I never properly mourned the end of my hockey career
My hockey career died several small deaths before finally dying for good at the end of 2019.
The first death was when I decided to stop playing AAA and go play for my high school instead. The second death was when I played my last college club hockey game at the end of my Junior year of college. The final death was when I received three concussions over the course of a couple years while playing beer league hockey in NYC and DC.
It’s somewhat sad that I managed to play many years of elite hockey (AAA), then several more years of not elite, but still highly competitive hockey (high school and college club) with only superficial injuries (other than a shattered collarbone in high school) and it’s the old man version of hockey that ultimately made me have to step away from the sport for good.
Then again, I probably had lots of undiagnosed concussions. I had my “bell rung” lots of times and lost consciousness after a hit more than once. “Shaking it off” and playing hurt were, and remain, part of hockey culture.
What’s it like to have a concussion?
At first, not a big deal, really. None of the concussions I had were truly catastrophic, I don’t think. I’d have a bit of a headache, maybe a sore neck, and that was it. But the last couple, in my 30s, were something different. In addition to the usual headaches, these ones had symptoms that set in later. Weird symptoms. Symptoms like feeling like I was on the verge of tears, all day, for no reason.
Feeling like I was watching my life as a barely interested observer. Feeling like I was kind of floating a couple inches above my own head, all the time. Feeling like I was going through the motions until I could just go home and sit in the dark.
I noticed it was starting to get easier and easier to reawaken these symptoms, even after quite minor collisions. The death knell to my playing career didn’t even happen on the ice. It happened in the back of a Lyft on my way to a client’s office. We were involved in perhaps the lowest speed rear-ending of all time… but it was enough to bounce my head against the headrest, ever so slightly. And boom. Symptoms, back. Headache. Fuzzy vision. Emotional rawness. The realization that I I can’t keep doing this.
I had already mourned the end of my competitive playing career since I’m pretty far removed from those college days. However, I was surprised how a high enough level of beer league hockey could reactivate some of those same neural pathways as when I was playing with and against some of the best players in the world. Sure, we were much slower than we used to be, but to my brain it felt very similar. Reading the forecheck correctly in order to make a great breakout pass. Playing a 2-on-1 to perfection. Faking a shot and making a backdoor pass. These were all well-established connections in my brain and basically overnight they became completely useless.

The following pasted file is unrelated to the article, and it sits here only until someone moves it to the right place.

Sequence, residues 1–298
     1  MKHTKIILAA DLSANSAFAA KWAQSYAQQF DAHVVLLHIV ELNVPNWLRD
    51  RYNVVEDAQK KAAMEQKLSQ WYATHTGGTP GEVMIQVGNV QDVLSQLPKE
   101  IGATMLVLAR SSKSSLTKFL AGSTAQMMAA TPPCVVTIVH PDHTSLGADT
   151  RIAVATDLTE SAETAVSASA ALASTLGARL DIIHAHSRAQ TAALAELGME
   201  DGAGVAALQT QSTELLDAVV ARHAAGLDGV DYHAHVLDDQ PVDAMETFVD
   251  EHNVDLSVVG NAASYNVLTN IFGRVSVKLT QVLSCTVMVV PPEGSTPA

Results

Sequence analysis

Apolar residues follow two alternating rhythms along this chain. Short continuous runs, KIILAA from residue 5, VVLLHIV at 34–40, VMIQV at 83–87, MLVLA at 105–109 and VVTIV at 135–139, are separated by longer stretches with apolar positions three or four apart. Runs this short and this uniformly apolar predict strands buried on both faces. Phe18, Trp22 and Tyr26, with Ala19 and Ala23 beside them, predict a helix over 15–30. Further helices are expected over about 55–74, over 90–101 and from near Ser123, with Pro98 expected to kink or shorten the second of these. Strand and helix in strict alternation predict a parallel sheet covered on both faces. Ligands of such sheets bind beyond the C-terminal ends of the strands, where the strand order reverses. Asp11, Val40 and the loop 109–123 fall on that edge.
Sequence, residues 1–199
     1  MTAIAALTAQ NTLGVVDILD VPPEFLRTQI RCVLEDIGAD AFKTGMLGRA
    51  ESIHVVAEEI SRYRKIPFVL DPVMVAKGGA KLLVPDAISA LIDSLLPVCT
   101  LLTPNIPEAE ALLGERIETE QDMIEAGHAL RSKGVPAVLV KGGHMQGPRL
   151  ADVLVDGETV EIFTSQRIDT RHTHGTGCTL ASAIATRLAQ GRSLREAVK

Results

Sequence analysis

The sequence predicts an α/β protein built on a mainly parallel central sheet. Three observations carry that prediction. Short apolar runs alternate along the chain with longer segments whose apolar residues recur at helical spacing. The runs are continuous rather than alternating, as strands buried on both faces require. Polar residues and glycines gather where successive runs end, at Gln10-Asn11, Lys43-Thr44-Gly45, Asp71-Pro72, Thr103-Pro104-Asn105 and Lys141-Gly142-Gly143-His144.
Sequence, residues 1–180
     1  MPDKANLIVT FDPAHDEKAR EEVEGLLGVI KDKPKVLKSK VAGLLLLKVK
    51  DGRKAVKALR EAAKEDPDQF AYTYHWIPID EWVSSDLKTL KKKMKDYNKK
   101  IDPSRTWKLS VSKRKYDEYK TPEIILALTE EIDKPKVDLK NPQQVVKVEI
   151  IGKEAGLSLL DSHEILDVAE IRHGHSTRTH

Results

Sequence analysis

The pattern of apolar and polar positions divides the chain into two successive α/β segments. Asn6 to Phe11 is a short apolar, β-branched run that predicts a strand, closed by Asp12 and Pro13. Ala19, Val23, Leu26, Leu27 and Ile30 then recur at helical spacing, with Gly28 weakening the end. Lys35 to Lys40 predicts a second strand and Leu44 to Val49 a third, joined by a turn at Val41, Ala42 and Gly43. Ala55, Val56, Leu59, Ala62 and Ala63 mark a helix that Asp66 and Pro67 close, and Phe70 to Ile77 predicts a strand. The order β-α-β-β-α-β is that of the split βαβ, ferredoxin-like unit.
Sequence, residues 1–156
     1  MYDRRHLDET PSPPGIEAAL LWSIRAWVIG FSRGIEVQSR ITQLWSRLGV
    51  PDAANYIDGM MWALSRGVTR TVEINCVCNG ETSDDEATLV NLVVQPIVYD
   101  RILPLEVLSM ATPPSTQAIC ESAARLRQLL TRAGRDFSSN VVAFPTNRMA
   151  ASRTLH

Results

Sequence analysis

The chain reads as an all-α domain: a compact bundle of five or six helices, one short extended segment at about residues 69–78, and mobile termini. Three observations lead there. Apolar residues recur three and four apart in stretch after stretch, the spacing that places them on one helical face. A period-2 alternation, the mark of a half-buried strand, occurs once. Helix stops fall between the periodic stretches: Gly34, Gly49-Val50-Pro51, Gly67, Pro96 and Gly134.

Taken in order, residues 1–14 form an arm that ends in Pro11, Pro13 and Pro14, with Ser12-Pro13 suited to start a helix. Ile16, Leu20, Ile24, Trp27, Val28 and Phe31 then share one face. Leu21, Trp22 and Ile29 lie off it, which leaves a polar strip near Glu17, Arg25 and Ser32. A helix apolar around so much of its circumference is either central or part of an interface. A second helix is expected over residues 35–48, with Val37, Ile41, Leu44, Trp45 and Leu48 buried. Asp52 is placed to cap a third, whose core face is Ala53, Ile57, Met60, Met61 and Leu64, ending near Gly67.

But now that my beer league career has come to an end at the end of 2019, I realize I’ve been in the midst of one more mourning process. It was easy to ignore it when we were deep in the throes of COVID. The ice rinks weren’t even open for a long time so it didn’t seem like my decision to stop playing. But I can’t credibly tell myself that story any longer. My beer league buddies are out there playing. My brothers are out there playing. And, to protect my oft rattled brain, I am not. It sucks.
A couple months ago I threw away the vast majority of my equipment — everything except my skates, my stick, my helmet, and my gloves. I knew if I kept everything else around I would convince myself that the head injuries “weren’t that bad” and I’d be finding my way back to my beer league team and inevitably tempting fate again. So, like an alcoholic who wisely doesn’t keep alcohol in the house, I no longer have the shin pads, hockey pants, shoulder pads, and gloves that would let me go out and potentially risk a catastrophic brain injury again.
Looking on the brighter side, I’ve tried to use this decision as an opportunity to explore new hobbies. I’m training for a triathlon now and as long as I don’t fall off my bike, I think my likelihood of getting another concussion is quite small. I’ve done some lessons with a golf coach. Another low impact sport that might let me tap into the competitiveness that used to find its outlet through hockey, but is now mostly just churning around inside me with nowhere to go.
As far as getting older goes, not being able to play a specific sport but otherwise being in great physical shape, is a pretty good deal. Things could certainly be worse. I’m sure there will be other moments in my future where I look back at this “sacrifice” and wish for the day where this was the worst thing I had to deal with. If we’re lucky, I suppose we all get to experience that. Better than the alternative, right?
I don’t have a coherent end to this article. Most of my identity for most of my young life was tied up in playing hockey. That stopped being quite as true as I got through college, into my 20’s, and even less so into my 30’s. Even then, though, I played hockey at least once, sometimes twice a week, basically ever since I graduated from college. That’s gone now. It makes me sad. I used to be more sad, which is probably a good sign. But I’m still sad. Hopefully I’ll continue to be less sad the further I get from the last time I laced up my skates.